The global economy is showing signs of withstanding a European recession triggered by the debt debacle in Greece.
The U.S. unemployment rate fell to 9 percent last month, the lowest since April, from 9.1 percent in September, the Labor Department reported Nov. 4. Chinese manufacturing continued to expand in October, based on an index compiled by the China Federation of Logistics and Purchasing. Even in Japan, the world’s third-largest economy, growth is coming to life: Gross domestic product climbed last quarter for the first time in a year, rising 6 percent according to the median estimate of analysts polled by Bloomberg News.
“Barring Italy turning into Greece, we’ll have a slowdown in the world economy, but a manageable one,” said Jim O’Neill, chairman of Goldman Sachs Asset Management in London.
The cool-down will bring with it “some not-to-be-dismissed benefits, particularly in easing inflationary pressures,” he added. That easing will boost the spending power of American consumers and give officials in China and other emerging markets room to loosen fiscal and monetary policy.
The ability of the U.S. to avoid a contraction means the dollar probably will appreciate against the European currency, UBS Investment Bank Chief Economist Larry Hatheway and his team in London wrote in an Oct. 28 report. They see the euro falling to $1.25 by the end of next year from $1.3792 at 5:57 p.m. in New York Nov. 4 as global growth slows to 3.1 percent in 2012 from 3.2 percent this year.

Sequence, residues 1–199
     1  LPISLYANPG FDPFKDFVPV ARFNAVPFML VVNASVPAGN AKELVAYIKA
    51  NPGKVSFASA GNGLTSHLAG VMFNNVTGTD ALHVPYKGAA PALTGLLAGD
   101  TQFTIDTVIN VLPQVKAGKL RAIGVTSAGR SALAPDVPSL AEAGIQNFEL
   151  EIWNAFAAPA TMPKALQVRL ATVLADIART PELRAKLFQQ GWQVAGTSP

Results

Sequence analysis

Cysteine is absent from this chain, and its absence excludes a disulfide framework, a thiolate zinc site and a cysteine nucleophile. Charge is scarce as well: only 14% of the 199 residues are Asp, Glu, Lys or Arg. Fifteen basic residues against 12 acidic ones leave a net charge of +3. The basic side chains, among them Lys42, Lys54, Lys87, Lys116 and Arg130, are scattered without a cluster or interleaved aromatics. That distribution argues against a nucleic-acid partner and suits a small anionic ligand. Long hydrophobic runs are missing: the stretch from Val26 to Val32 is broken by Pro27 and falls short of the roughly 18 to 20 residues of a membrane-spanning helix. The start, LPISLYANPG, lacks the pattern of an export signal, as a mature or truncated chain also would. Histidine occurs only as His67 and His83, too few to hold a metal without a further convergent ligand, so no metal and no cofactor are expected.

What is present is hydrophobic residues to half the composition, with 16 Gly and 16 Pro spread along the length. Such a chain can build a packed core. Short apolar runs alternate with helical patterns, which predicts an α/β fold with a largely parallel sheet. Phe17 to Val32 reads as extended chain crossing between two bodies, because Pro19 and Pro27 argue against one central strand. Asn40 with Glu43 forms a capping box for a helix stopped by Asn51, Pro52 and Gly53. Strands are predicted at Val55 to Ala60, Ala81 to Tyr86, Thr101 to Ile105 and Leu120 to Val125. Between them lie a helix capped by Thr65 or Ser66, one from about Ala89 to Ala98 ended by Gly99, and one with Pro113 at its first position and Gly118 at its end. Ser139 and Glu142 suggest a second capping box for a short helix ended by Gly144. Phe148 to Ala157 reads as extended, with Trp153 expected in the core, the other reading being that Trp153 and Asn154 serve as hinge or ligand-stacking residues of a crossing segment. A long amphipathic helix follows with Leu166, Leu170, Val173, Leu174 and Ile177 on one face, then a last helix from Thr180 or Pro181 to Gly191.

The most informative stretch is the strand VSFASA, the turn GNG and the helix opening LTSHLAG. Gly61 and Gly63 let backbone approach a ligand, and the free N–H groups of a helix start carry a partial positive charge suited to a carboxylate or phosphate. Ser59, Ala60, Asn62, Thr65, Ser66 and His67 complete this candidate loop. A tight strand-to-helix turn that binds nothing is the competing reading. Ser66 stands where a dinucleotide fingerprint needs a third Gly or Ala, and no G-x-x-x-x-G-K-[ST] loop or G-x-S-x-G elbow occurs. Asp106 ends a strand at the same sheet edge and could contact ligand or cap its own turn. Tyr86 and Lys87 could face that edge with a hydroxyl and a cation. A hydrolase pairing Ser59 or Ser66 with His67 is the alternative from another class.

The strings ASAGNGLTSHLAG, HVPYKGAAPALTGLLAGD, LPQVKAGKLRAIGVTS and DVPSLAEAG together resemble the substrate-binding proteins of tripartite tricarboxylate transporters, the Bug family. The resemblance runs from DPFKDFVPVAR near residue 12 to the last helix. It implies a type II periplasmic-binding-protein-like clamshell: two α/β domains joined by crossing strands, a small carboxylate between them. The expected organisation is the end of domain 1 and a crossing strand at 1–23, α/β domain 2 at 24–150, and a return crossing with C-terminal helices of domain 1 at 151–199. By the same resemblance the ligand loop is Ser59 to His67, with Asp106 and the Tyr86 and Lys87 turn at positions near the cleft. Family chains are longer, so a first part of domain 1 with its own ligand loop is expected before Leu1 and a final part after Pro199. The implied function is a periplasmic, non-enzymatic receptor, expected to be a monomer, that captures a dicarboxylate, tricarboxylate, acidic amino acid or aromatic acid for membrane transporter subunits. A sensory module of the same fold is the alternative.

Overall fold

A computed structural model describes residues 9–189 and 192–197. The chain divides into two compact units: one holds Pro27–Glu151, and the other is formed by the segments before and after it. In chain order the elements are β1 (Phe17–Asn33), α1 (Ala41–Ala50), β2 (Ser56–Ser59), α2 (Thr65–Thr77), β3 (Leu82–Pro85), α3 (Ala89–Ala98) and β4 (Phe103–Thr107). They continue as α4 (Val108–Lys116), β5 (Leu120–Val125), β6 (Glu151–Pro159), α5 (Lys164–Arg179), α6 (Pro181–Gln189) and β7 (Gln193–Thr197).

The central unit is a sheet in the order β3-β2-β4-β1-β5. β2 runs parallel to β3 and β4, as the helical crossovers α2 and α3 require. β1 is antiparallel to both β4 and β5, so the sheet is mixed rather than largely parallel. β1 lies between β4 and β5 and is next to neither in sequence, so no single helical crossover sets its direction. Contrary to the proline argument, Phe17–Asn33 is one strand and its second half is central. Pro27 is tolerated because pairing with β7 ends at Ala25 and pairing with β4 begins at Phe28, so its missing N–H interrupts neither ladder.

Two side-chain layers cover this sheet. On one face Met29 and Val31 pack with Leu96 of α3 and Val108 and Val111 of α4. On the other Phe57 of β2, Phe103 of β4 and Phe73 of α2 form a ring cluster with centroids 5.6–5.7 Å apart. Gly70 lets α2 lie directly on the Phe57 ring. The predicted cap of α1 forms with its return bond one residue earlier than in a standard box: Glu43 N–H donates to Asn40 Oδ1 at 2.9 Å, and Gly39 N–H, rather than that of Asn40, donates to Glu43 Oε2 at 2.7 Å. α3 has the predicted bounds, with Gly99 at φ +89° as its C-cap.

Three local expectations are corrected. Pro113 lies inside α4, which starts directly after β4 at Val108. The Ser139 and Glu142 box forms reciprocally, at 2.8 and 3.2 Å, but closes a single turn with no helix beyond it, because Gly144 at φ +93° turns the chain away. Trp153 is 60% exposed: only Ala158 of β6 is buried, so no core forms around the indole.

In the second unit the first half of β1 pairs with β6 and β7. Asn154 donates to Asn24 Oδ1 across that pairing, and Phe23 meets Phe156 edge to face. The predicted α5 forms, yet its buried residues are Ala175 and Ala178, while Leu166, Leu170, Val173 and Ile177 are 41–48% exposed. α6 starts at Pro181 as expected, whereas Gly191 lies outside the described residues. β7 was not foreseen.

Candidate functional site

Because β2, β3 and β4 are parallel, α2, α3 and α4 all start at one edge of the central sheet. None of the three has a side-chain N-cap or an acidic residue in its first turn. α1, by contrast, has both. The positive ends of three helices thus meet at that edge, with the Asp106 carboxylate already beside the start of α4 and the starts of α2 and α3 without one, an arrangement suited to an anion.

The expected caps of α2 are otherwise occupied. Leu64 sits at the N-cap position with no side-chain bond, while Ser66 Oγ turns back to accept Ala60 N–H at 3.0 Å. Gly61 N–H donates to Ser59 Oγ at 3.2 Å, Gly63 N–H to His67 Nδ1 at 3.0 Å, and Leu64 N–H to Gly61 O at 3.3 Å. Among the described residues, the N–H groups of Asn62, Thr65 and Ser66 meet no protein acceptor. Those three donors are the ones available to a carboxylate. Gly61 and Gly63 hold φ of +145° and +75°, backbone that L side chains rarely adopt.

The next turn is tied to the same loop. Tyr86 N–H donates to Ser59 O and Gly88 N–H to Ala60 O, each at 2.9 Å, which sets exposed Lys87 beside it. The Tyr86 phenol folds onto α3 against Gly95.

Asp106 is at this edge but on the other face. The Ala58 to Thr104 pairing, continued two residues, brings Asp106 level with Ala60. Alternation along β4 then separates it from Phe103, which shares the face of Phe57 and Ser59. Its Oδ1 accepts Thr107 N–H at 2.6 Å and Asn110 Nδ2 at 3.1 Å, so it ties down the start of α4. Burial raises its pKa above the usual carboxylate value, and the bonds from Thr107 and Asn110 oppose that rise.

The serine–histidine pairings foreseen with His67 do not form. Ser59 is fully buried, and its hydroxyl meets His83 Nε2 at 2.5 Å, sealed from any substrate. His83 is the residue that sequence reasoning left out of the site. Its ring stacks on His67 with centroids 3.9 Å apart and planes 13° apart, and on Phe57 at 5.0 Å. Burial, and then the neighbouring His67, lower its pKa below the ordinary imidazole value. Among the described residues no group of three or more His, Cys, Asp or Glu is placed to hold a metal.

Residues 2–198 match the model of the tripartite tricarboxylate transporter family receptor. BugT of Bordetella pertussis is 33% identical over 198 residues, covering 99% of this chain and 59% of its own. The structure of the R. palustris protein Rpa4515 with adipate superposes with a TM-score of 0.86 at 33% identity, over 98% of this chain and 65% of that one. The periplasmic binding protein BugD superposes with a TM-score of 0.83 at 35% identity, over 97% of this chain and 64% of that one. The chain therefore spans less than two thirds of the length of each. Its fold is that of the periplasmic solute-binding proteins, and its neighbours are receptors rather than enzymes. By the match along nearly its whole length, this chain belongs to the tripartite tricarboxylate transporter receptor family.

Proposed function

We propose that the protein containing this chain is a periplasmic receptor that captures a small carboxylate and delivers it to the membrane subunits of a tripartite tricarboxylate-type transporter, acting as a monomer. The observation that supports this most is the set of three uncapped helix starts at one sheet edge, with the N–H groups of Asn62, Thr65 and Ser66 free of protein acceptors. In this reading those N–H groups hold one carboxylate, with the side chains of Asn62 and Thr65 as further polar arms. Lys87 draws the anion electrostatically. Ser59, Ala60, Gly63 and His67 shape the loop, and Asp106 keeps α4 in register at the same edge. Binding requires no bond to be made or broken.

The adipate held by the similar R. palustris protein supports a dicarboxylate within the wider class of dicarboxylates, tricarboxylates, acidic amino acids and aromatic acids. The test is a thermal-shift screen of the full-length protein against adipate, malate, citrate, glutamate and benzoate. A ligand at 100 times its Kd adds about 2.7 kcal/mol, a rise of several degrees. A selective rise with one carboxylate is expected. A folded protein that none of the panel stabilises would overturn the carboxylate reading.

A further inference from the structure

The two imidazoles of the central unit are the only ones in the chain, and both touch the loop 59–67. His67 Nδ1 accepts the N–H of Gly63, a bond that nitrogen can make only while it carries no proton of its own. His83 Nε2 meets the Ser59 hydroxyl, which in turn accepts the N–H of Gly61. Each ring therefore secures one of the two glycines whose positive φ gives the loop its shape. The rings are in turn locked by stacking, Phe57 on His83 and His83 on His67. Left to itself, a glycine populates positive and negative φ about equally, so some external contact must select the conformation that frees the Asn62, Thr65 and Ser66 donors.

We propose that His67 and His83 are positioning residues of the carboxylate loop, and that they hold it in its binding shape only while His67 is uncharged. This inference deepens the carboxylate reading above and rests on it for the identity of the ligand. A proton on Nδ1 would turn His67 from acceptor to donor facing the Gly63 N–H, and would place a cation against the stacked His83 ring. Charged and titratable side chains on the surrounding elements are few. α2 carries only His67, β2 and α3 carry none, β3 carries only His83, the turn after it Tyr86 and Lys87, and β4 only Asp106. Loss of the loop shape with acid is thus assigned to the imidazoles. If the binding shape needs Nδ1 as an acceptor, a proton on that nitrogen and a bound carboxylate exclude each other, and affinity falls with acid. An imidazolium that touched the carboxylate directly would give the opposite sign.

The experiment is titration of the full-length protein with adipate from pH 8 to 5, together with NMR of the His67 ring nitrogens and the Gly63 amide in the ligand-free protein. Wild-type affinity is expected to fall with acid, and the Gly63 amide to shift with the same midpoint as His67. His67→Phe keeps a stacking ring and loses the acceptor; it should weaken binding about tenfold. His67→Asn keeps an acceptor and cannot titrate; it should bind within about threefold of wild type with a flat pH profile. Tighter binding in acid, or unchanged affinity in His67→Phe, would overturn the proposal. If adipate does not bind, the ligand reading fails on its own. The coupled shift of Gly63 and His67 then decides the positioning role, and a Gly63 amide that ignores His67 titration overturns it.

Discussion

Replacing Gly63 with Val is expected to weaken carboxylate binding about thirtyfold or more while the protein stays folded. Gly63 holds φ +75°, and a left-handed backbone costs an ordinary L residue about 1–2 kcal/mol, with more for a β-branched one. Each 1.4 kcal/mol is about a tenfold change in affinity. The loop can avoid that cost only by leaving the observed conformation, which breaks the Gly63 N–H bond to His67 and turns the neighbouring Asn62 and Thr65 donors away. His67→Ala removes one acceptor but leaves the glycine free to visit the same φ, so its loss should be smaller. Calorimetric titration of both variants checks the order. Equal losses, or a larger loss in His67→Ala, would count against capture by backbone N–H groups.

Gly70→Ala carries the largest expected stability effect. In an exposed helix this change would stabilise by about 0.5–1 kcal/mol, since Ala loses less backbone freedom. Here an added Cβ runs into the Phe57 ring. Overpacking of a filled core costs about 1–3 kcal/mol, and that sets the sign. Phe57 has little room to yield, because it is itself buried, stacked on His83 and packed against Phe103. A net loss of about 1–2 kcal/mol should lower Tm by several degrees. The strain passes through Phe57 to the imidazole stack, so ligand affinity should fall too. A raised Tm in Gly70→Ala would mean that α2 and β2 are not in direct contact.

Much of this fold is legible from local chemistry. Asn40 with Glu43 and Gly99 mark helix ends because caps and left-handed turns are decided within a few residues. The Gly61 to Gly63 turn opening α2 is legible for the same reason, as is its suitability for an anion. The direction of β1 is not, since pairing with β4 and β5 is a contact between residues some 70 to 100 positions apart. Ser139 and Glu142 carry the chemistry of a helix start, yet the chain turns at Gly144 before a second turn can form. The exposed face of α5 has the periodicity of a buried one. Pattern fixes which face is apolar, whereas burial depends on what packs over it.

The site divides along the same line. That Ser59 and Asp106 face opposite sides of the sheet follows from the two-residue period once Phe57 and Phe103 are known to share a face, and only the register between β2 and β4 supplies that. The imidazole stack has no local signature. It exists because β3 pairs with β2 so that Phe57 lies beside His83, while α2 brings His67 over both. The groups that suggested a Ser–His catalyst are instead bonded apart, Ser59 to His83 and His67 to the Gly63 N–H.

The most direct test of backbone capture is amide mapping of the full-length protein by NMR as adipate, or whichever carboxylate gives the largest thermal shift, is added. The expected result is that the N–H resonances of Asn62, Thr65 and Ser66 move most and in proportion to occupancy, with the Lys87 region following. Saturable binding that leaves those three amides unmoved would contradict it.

The U.S. stock market also will benefit, David R. Kotok, chairman and chief investment officer of Cumberland Advisors in Vineland, New Jersey, said in a Nov. 1 note to clients. He forecast the Standard & Poor’s 500 Index will finish the year at 1,350, compared with 1,253.23 at 4 p.m. on Nov. 4.
“The bear is going into hibernation for the winter, and the surprise will be to the upside,” Kotok said.
He is “fully invested” in the U.S. markets and “very underweight” in Europe, he told Ken Prewitt and Tom Keene on Bloomberg Radio’s “Bloomberg Surveillance” Nov. 1.
The S&P 500 slipped 0.6 percent to 1,245.36 at 1:13 p.m. in New York after a 2.5 percent decline last week. The euro weakened 0.4 percent to $1.374 at 12:53 p.m. after falling earlier to as low as $1.3681 and rising to $1.3838.
European Central Bank President Mario Draghi said Nov. 3 that the region is heading toward a “mild recession” after policy makers cut their benchmark interest rate by a quarter percentage point to 1.25 percent.
The euro area’s gross domestic product will shrink at a 0.5 percent to 1 percent annual rate this quarter and next before recovering in the second half of 2012, according to Allen Sinai, president of Decision Economics in New York.
Europe’s malaise already is taking its toll on the rest of the world economy. South Korea’s exports increased at the slowest pace in two years last month, partly because of the European debt crisis, and may slow further in the fourth quarter, according to the Ministry of Knowledge Economy.